Sunday, July 12, 2009

How do food stamps impact the output or product mix of the economy as compared to a government purchase of a good or service such as public education?

Food stamps are impact the output and product mix in more than one way.

The first impact is that they are funded by taxes taken from productive market actors, and given to less or non productive individuals of low/no income. Taxes are a withdrawal from the circular flow of economic activity. That means less income to be used for exchange in the marketplace for goods and services. Excessive subsidies such as food stamps can cause inefficiencies that have an effect on the entire market. Remember that everything has to be paid for by somebody. Productive workers whose income is taken via taxes to fund the less productive, must now work harder to make up the losses to support themselves.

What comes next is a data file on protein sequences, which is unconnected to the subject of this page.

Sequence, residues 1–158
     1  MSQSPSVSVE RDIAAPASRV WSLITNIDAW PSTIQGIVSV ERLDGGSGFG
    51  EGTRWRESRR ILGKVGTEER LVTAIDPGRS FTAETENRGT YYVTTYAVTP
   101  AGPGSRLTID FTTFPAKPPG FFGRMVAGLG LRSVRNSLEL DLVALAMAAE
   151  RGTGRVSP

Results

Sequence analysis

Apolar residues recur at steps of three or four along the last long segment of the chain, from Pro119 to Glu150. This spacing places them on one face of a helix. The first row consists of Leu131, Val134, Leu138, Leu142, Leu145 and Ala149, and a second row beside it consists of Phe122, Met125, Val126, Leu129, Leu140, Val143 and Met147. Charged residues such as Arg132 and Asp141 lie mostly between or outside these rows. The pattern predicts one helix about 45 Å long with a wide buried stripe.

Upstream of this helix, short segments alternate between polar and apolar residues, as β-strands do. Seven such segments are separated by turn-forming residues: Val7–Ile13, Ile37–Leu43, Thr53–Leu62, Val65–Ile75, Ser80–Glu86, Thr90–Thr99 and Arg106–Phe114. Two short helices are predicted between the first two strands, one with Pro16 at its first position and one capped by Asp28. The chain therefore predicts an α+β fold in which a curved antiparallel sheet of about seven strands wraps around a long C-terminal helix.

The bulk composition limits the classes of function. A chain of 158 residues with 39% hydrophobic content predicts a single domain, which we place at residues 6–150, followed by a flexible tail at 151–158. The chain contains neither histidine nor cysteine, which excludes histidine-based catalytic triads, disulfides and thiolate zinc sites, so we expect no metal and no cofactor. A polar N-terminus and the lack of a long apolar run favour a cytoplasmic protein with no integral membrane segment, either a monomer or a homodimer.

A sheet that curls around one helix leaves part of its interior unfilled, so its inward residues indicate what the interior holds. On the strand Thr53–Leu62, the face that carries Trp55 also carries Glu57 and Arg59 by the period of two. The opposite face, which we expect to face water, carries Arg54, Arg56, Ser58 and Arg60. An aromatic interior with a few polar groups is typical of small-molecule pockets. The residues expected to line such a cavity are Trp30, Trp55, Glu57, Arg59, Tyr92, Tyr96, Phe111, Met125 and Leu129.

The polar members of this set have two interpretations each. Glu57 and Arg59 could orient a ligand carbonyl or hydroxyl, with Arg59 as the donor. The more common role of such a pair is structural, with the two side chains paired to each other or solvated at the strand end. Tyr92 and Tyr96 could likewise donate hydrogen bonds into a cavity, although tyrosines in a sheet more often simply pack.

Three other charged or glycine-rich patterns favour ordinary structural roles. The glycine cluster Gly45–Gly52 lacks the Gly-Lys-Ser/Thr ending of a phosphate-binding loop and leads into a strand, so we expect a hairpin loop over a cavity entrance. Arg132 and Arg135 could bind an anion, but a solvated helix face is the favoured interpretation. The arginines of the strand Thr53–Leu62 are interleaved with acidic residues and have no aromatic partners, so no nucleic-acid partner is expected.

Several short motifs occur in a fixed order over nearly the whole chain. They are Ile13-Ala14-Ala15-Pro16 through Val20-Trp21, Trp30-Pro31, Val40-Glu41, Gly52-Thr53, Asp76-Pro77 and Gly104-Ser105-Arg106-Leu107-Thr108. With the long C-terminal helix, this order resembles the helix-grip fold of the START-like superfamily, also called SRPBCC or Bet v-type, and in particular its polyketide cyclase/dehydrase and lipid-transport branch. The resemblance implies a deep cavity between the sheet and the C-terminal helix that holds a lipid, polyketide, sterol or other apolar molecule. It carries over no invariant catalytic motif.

Another impact is the fact that food stamps are given to those who show no substantial official income on paper. However these individuals may have significant income from the informal market, which can be very extensive. For example, an individual may rate food stamps because he has no official income. However when he goes to purchase food with the stamps, he drives to the store in a Mercedes wearing a Hugo Boss suit, all with income acquired in the informal market, which is not claimed on government tax returns.

Government vouchers for education are no less of a drain than food stamps are. The difference is that the subsidies are given to attain education rather than food. Again, everything has to be paid for by somebody. If you send your kids to private school and pay tuition, you still have to pay for other kids to go to the public schools in your district. With vouchers, you are adding more kids to the list of tax consumers, thus increasing the burden on the more productive to pick up the tab.

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